There’s something brewing in the East End, but it’s not beer.
Goodlander Cocktail Brewery is opening inside a former animal shelter at 6614 Hamilton Ave. in Larimer. Owner Wes Shonk plans to whip up and keg batches of carbonated drinks such as Moscow Mules and Mojitos. By Memorial Day, he’ll start selling the highball-style beverages in returnable glass growlers.
Eventually, the taproom will open for on-site consumption so customers can enjoy a classic cocktail on the rocks poured straight from the tap.
Shonk is a familiar face on Pittsburgh’s libations scene. He’s worked behind the bar at cocktail-forward spots such as Hidden Habor, Wigle’s Barrelhouse & Whiskey Garden, Butcher & The Rye and 1947 Tavern.
“I’ve always found cocktails to be more fun and exciting than food,” he says. “Where are the fun, bubbly drinks? I want to see what people are making!”
He got the idea for Goodlander after seeing the name on a painting sold at a yard sale. Shonk, an affable guy who grew up in the Laurel Highlands, liked the positive, outdoorsy vibe it gave off. Even the 3,400-square-foot space — which most recently housed Red Star Kombucha — has an alfresco feel. Sunlight pours through the large windows of the front bar area, the walls are light green and there’s an abundance of plants. Cedar, the resident pooch, is constantly chasing a tennis ball.
Shonk will eventually add tables and chairs to the area, but the business will operate on a takeout only model for a while.
Zesting, juicing, measuring, filtering, chilling and carbonating the fresh ingredients will take place in the back of the building. Shonk will make large batches in a 200-gallon tank. Each cocktail will take about 24 hours to complete with a five-barrel system using nationally known brands of gin, vodka and rum.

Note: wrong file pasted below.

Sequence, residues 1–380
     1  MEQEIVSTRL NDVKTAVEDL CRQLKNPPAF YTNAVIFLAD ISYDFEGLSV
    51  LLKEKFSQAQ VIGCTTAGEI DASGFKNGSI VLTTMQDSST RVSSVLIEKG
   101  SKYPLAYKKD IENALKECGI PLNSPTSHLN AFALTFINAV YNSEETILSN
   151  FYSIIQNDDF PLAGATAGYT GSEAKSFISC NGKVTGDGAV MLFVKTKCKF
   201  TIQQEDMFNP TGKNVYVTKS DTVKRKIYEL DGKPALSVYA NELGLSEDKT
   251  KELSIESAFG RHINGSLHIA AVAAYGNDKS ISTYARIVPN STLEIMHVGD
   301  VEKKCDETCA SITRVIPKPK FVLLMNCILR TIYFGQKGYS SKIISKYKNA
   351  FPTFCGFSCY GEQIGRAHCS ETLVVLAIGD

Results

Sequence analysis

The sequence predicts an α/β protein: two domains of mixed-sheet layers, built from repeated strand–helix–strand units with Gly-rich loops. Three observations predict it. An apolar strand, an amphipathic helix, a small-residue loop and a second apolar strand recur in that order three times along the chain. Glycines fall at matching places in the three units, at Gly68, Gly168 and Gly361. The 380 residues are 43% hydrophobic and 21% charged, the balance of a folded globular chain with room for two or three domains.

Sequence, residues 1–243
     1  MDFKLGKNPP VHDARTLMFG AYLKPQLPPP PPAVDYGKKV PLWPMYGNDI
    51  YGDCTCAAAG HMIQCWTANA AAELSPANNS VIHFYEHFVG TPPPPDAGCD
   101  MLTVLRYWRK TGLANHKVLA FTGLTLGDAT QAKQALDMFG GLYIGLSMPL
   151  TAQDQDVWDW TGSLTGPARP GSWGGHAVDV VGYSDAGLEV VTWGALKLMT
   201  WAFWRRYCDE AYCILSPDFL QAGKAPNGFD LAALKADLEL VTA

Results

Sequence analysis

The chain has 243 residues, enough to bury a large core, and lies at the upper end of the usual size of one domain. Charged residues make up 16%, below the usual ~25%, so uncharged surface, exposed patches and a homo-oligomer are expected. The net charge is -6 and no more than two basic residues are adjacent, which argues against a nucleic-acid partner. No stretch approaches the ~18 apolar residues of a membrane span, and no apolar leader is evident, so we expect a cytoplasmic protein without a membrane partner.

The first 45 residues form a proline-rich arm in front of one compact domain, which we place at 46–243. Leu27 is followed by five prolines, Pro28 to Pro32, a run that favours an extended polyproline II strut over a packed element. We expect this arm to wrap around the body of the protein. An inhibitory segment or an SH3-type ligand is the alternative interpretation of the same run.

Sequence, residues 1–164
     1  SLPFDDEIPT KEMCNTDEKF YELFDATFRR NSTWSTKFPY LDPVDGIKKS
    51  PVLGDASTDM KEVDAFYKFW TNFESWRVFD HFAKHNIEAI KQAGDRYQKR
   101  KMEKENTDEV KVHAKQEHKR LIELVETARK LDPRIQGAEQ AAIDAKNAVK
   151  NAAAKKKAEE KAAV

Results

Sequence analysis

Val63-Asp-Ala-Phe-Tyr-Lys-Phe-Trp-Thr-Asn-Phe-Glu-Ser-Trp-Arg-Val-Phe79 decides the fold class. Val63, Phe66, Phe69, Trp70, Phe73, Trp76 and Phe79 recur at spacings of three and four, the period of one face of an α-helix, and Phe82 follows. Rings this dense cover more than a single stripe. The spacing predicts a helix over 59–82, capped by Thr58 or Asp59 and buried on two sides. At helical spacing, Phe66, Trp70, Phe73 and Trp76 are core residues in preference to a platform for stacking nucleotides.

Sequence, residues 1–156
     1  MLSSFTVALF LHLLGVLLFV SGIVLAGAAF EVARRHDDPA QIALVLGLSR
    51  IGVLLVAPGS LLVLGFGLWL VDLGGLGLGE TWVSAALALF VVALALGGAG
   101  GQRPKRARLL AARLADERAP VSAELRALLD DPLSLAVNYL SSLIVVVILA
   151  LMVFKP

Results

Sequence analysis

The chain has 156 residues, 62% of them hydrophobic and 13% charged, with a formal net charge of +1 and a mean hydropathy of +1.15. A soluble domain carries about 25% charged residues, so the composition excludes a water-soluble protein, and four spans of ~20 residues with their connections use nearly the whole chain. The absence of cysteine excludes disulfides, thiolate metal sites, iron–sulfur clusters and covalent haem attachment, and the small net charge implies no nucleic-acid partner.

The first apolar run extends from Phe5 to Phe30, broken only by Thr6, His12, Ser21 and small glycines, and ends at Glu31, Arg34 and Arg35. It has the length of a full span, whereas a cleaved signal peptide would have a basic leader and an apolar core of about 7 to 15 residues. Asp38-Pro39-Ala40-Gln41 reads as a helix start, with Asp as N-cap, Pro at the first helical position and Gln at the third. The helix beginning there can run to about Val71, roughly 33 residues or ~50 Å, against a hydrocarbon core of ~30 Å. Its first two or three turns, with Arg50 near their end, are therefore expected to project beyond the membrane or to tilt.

Kegging the cocktails keeps them fresh and bubbly for at least two weeks. Shonk will sell kegs wholesale to bars and restaurants throughout Pittsburgh, including The Bulldog Pub in Morningside and The Summit on Mt. Washington.
Customers can stop in and pick up a 32- or 16-ounce, returnable glass growler or bring their own to fill. They can also grab Goodlander swag, cocktail accouterments and bags of square ice made on a Hoshizaki ice maker. Shonk recommends consuming the elixirs while they are fresh and cold.
The growler concept is reminiscent of how the first craft breweries, such as nearby East End Brewing Company, got their products to the masses in the 1990s.
Shonk says he’s received a lot of advice and encouragement from East End owner Scott Smith and other members of the local food and beverage industry.
The closed-loop packaging system is not only sustainable, but also keeps people coming back to try new drinks, whether it’s a Gin and Tonic or an East Side, a mix of gin, cucumber, mint, lime, sugar and seltzer. Goodlander also will offer non-alcoholic beverages such as cold-brewed iced tea, sparkling lemonade and ginger beer.
“I have aspirations to make all kinds of seasonal drinks that are meant to delight and satisfy,” Shonk says while tossing the tennis ball to Cedar. “There’s a whole world of possibilities!”